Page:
Every few years or so I adopt a new obsession, embarrassingly, around some kind of thing I’ve come to believe will change my life in all kinds of positive ways. I say embarrassingly, because usually the obsession revolves around some material thing. Let me give you a quick run down of the last decade, for example: musical equipment (recording gear, drums–can’t make or teach music without this stuff), a high end stereo system (because life is too short for shitty-sounding playback), the smart car, an Airstream travel trailer, folding bicycles (Dahon or Brompton), cargo bicycles (box or longtail), and finally, my most recent obsession–the tiny house.
Time and money being limited the way they are, only a few of these obsessions have resulted in some kind of acquisition in the material world. A modest home recording studio is up and running; the stereo is sweet; the Airstream was indeed purchased (and then sold two years later); and the Dahon, the less expensive of the two folding bike options, is in the garage and ready for riding. The smart car was a bad idea. The jury is out on the cargo bike. But the tiny house beckons. What’s up with that? Why am I thinking all the time about tiny houses? Oh, let me count the ways.
Tiny houses appeal to my sense of aesthetics. They are marvels of design and almost without exception extraordinarily beautiful. Typically, they use the finest materials and/or workmanship to create a living or working space that is perhaps more expensive per square foot to build, but because of their tininess, sometimes as tiny as 100 square feet, they are relatively cheap. An exquisite attention is often spent on every detail, whereas, in a large modern home, a house is framed and slapped over with sheet rock and cheap-ass vinyl windows and fake wood floors and there’s tons of wasted space. Go to Portland Alternative Dwellings, Four Lights Houses, Tumbleweed House Company, or Zyl Vardos, and see, if you couldn’t see yourself living in such a space, that you don’t at the very least go crazzy gaga over the design aesthetics.
Tiny houses appeal to my desire to simplify my life. The lessons taught by Henry David Thoreau in Walden are fundamentally applicable in the here and now. I am decidedly not a hoarder, but for me, I find myself surrounded by shit I don’t need. Where did this stuff come from? Why is it here? How much money did I spend acquiring it? How much space is needed to store it? How much time does it take to maintain all of this space, to keep it clean, to keep it in working order? Economically speaking, how much does it cost to heat and send water and electricity through all these thousands of square feet? And could a person not be “happy” with less?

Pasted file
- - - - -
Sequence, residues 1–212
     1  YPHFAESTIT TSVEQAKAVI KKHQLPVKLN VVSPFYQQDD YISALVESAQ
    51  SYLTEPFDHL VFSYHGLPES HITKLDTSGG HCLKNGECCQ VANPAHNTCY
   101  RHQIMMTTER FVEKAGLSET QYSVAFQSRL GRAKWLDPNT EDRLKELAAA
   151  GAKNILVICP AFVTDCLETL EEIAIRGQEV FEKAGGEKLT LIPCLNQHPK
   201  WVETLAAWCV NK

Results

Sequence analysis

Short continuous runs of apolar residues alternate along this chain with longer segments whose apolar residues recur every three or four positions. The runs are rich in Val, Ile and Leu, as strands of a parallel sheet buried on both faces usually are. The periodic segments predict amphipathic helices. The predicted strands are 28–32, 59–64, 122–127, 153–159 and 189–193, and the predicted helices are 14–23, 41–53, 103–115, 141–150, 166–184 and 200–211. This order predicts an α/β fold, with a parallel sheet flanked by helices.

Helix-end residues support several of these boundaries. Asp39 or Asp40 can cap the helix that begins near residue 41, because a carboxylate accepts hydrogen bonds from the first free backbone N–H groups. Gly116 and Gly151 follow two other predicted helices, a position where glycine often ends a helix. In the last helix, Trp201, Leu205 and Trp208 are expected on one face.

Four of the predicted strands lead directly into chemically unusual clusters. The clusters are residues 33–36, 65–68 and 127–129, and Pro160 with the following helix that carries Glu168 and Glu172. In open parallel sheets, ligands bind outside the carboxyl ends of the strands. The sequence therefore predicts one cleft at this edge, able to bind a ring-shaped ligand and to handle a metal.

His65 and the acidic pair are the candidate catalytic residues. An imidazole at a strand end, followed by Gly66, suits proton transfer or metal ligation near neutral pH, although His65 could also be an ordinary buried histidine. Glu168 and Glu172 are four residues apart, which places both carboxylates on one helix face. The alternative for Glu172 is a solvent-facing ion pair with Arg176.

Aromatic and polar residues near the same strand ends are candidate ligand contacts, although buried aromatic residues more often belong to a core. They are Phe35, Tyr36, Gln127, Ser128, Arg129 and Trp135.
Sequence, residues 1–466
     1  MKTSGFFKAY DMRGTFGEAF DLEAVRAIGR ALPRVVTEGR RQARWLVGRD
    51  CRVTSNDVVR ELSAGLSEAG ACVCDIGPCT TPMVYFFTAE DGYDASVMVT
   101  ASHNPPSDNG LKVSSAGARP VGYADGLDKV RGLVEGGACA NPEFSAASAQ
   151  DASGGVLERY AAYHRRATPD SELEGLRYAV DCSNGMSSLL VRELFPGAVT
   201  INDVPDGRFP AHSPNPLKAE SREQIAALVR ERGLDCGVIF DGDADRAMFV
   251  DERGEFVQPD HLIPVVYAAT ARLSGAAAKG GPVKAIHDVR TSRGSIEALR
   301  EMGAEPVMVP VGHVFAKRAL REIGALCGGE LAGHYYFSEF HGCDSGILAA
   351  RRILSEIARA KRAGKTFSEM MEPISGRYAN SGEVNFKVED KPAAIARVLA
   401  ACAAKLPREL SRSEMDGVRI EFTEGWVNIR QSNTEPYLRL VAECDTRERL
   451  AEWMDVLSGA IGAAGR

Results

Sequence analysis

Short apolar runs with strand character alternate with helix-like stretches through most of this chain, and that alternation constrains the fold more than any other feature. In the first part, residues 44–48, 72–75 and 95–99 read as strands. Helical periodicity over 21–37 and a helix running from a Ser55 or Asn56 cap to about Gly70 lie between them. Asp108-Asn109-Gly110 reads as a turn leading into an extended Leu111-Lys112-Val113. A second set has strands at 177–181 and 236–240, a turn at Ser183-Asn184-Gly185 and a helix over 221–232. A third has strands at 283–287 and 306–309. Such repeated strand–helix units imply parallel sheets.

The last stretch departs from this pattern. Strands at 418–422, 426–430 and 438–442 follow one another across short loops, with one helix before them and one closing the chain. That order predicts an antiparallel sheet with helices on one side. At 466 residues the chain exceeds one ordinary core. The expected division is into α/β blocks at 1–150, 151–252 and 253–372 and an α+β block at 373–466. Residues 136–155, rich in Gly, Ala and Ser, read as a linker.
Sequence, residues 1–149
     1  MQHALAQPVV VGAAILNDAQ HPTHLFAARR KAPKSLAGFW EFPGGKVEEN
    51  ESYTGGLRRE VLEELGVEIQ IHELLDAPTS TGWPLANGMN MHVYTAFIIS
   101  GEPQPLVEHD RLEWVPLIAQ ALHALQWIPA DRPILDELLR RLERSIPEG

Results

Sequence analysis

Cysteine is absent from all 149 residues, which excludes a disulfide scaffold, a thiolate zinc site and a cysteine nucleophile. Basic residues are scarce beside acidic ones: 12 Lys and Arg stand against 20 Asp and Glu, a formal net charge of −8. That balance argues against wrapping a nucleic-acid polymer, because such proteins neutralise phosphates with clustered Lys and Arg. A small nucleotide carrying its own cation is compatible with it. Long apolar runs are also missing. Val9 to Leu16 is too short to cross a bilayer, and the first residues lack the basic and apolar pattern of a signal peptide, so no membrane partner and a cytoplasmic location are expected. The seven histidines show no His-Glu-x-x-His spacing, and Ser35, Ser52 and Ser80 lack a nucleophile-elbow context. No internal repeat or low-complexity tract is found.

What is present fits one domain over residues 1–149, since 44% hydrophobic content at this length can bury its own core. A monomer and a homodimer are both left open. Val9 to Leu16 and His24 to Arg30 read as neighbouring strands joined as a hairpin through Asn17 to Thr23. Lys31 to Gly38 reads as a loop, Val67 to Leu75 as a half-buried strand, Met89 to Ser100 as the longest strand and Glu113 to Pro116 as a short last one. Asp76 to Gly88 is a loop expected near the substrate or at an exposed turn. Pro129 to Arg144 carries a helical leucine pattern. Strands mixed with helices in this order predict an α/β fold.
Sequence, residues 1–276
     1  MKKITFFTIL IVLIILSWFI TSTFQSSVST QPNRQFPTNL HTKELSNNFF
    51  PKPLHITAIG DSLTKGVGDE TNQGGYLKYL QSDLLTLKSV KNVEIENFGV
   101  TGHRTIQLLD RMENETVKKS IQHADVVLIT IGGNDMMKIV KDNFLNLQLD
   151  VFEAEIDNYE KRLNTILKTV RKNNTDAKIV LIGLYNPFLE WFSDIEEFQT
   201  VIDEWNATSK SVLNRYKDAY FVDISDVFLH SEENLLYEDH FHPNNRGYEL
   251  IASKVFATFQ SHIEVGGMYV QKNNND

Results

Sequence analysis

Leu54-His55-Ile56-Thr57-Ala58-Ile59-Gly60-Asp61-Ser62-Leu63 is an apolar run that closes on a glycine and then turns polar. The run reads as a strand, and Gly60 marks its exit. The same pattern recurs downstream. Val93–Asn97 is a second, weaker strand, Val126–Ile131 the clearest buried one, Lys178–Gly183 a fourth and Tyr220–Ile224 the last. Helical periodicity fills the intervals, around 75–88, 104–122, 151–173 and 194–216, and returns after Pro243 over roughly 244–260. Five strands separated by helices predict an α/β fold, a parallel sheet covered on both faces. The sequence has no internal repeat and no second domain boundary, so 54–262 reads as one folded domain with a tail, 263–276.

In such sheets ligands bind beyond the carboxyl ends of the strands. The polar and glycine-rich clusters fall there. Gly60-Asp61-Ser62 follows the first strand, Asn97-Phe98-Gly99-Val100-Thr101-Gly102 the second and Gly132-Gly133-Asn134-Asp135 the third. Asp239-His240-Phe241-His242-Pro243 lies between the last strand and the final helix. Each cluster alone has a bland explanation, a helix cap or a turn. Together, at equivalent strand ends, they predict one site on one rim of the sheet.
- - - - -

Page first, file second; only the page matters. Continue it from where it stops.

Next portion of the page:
Tiny houses are green and sustainable, which appeals to that part of me that would like a planet for my child’s children to live on.
But I will never live in a tiny house. They are completely impractical. Where would I put my wife and my child? Where does the dog go? What about my books, records, and cds and the rest of the stuff I don’t need but can’t live without? What about the baby grand piano and the drum set and the recording gear? I can’t put a recording studio in 120 square feet and still have a place to hang my hat. And the tiny house, and all or most of the above reasons for acquiring one, represents for me this nagging contradiction that often exists in work, in parenting, in relationship, in the way we live, between what we believe is right and what we continue to do. It’s terribly disconcerting. So, why don’t I just dismiss outright all thoughts of a tiny house?
For all of the reasons listed above, perhaps, and for the persistence of other thoughts about how acquiring a tiny house might be a good deal even if I didn’t live in it. Writing retreat? Vacation home on a little piece of property in the woods? A guest house in the back 40? I could be the suburban proprietor of a tiny house hotel like the one in North Portland! The possibilities are endless–and so are the depths and lengths of my obsessive brain.